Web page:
The Americian Association on Intellectual and Developmental Disabilities has published a case study of a man with Down syndrome who has reached 70 with no evidence of cognitive decline. He is participating in a 20 year longitudinal study of hundreds of people with Down syndrome, and is the oldest person studied in this detail without signs of dementia.
The study concludes:
The processes regulating aging and dementia are extraordinarily complex, and it is unlikely that a single mechanism can fully explain the spectra of change and stability that occur with successful and unsuccessful aging in individuals with Down syndrome. As more information is discovered about the genes on chromosome 21, their products, the impact of the occurrence of an extra copy of chromosome 21 on the rest of the genome, and the effects of nongenetic factors, researchers will achieve a better understanding of the underlying factors and mechanisms that contribute to all aspects of phenotypic variability associated with Down syndrome (see Jenkins & Velinov, 2001). This will lead potentially to better strategies for minimizing disability and for promoting successful aging to an even greater degree than has been seen over the last several decades.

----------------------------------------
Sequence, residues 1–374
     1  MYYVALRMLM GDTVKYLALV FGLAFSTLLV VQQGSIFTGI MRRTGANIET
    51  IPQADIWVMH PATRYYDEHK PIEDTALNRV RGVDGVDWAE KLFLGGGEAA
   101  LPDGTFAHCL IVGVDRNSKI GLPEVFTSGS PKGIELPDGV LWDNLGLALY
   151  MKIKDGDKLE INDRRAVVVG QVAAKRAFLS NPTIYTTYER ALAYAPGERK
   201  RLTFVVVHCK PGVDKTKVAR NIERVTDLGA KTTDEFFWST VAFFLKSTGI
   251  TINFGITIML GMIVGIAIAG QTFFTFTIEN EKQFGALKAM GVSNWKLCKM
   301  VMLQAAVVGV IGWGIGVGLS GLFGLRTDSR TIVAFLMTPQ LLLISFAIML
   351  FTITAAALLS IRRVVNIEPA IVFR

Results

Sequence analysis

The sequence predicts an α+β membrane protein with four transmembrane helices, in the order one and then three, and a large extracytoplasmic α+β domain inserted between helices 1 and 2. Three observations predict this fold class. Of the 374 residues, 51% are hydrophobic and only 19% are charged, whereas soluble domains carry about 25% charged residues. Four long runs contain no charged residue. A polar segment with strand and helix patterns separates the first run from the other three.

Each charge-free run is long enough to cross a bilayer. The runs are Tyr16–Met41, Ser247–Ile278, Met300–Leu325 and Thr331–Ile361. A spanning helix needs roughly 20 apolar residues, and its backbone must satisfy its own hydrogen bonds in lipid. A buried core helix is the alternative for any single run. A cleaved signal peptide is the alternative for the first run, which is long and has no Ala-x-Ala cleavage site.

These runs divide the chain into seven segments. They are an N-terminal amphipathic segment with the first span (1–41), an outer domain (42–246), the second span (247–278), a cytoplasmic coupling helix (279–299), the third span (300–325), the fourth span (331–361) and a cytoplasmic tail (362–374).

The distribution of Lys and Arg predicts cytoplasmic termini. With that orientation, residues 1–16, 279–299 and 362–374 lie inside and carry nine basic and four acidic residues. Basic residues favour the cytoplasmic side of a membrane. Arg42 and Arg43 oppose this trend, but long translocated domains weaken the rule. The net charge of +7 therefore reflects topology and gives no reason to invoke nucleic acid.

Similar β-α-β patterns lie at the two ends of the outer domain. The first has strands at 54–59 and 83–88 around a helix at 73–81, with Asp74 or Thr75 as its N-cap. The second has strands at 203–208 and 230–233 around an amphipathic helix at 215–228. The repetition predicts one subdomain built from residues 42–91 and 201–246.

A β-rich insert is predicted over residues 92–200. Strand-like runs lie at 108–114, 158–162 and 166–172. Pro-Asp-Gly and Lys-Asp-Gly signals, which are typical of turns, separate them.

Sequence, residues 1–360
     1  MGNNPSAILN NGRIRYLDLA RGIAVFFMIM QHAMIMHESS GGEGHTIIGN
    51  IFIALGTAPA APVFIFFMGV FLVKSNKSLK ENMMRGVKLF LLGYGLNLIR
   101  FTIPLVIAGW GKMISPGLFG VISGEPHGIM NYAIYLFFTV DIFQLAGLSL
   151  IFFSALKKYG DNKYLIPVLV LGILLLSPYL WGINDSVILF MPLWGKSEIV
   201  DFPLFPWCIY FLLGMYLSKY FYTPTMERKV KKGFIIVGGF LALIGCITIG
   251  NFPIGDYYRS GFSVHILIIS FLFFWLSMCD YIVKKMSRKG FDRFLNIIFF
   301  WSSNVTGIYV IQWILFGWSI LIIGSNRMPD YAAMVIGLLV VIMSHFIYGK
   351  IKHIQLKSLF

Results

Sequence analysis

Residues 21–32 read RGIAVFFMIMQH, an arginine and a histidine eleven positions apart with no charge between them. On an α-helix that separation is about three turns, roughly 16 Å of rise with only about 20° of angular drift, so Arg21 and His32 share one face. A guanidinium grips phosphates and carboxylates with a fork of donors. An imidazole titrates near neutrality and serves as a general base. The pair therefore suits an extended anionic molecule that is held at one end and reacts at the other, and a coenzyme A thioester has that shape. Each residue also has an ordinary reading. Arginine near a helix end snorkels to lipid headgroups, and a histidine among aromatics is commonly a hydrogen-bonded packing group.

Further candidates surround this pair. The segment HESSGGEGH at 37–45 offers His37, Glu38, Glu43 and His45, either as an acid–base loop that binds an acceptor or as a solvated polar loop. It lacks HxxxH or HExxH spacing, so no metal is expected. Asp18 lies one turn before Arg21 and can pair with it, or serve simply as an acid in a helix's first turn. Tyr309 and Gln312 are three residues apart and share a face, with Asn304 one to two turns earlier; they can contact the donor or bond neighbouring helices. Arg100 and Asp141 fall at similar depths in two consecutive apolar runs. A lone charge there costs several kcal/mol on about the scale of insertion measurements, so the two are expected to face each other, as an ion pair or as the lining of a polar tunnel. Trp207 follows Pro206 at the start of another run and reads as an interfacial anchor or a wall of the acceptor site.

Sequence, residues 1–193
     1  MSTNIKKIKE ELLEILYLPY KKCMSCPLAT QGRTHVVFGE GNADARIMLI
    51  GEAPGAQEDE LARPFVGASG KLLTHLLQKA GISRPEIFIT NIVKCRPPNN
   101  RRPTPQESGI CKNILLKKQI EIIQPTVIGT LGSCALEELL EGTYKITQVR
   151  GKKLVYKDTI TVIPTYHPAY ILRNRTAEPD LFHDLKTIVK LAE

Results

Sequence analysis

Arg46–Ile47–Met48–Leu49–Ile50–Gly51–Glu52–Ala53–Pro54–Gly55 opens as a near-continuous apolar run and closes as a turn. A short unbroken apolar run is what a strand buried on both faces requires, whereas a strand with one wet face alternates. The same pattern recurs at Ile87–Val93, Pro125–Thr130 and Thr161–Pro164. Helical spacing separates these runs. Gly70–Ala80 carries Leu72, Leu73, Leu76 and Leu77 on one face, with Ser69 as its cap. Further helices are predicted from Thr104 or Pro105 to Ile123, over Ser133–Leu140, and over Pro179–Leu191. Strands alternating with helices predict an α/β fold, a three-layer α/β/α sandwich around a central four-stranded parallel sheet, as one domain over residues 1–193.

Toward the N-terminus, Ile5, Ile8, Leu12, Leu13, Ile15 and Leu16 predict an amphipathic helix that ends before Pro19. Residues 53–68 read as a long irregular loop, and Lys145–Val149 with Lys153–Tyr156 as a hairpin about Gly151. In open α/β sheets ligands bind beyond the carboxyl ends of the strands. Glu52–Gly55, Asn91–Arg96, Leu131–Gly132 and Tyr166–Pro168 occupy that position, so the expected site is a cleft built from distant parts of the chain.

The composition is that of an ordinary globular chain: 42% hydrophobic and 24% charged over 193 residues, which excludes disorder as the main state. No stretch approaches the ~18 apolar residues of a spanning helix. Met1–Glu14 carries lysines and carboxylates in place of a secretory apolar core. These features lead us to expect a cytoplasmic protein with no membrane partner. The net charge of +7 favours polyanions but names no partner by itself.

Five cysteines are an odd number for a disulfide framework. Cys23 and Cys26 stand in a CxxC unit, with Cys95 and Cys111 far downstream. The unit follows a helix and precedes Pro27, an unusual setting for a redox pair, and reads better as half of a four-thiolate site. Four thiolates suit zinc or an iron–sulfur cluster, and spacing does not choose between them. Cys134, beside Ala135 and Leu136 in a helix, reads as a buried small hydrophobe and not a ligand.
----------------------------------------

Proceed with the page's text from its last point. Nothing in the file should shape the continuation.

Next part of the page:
The full text is available here.
Krinsky-McHale, S, et al, Successful Aging in a 70-Year-Old Man With Down Syndrome:A Case Study, Intellectual Developmental Disabilities, 46: 3: 215–228 June, 2008